"The war we can stop."
War in Yemen
We’re engulfed by war, rumors of war, videos of war, crimes of war—are we looking at ‘end times’ approaching? Or just the dead end of the forever wars? Our conversation this hour is about the seven-year war in Yemen. Our Yemeni guest sets it in the Ukraine context this way: “Yemen,” she says, “is the war we can stop.” It is called the worst humanitarian catastrophe on the planet, and still it gets scant news coverage. It is older than Ukraine’s war, vicious in its own way, an autocrat’s war much deadlier than Russia’s hammering of Ukraine, so far. The Yemen war, too, is a mismatch: Saudi oil wealth pounding the poorest nation in the Arab world, and using American planes dropping American bombs to do the pounding.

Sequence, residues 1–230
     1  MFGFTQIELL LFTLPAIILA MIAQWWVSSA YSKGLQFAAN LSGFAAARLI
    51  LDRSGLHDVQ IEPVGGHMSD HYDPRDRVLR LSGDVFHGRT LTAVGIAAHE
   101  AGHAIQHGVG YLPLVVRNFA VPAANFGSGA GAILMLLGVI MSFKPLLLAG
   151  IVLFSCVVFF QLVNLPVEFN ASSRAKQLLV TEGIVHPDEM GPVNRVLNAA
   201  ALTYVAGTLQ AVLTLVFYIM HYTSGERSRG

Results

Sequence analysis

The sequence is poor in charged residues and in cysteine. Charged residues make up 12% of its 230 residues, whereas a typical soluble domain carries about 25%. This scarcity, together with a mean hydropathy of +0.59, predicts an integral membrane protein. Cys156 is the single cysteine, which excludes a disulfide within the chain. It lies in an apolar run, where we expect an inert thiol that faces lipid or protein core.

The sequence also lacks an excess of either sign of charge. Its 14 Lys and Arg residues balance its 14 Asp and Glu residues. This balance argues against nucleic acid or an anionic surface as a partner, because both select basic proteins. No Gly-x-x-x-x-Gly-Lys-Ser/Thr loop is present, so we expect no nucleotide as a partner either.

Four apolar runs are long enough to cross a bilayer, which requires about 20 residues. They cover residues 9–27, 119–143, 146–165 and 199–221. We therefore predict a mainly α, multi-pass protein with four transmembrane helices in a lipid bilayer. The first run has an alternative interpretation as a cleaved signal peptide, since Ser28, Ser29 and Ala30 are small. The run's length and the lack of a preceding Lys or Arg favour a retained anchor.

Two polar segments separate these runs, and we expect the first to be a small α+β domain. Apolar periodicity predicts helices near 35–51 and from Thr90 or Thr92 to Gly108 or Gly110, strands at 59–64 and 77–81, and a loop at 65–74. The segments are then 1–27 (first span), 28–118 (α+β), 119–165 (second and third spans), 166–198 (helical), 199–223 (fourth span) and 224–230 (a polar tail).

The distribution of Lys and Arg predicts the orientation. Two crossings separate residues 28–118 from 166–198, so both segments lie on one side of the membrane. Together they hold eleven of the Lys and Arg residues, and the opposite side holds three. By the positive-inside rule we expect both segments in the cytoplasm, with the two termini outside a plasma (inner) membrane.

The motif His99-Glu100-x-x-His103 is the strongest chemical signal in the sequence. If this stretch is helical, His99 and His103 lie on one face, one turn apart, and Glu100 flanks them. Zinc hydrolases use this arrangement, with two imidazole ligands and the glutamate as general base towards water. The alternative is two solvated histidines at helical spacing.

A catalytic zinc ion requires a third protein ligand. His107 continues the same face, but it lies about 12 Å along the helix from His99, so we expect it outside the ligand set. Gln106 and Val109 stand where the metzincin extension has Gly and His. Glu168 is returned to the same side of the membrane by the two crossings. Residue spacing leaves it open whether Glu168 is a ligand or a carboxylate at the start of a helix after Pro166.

The hellscape and heartache of war come very close these days: atrocities and naked war crimes, on Youtube and Twitter, and not just from Ukraine. Our guest this hour—in the latest episode of our limited series called In Search of Monsters, made in collaboration with the Quincy Institute for Responsible Statecraft—is a young Yemeni-American teacher of teachers at the Ed School of Michigan State University. Shireen Al-Adeimi was born in Yemen, raised in India, then Canada. She got her education doctorate in the States and became an American citizen so as to vote against US support of the Saudi war on her homeland. “Yemen,” she said a week ago, “is the war we can stop.” And then, strange to tell, came a ceasefire.
This week’s show is the latest installment of In Search of Monsters, our limited-series collaboration with the Quincy Institute for Responsible Statecraft.
Professor of education at Michigan State University.
Fellow at the Quincy Institute for Responsible Statecraft.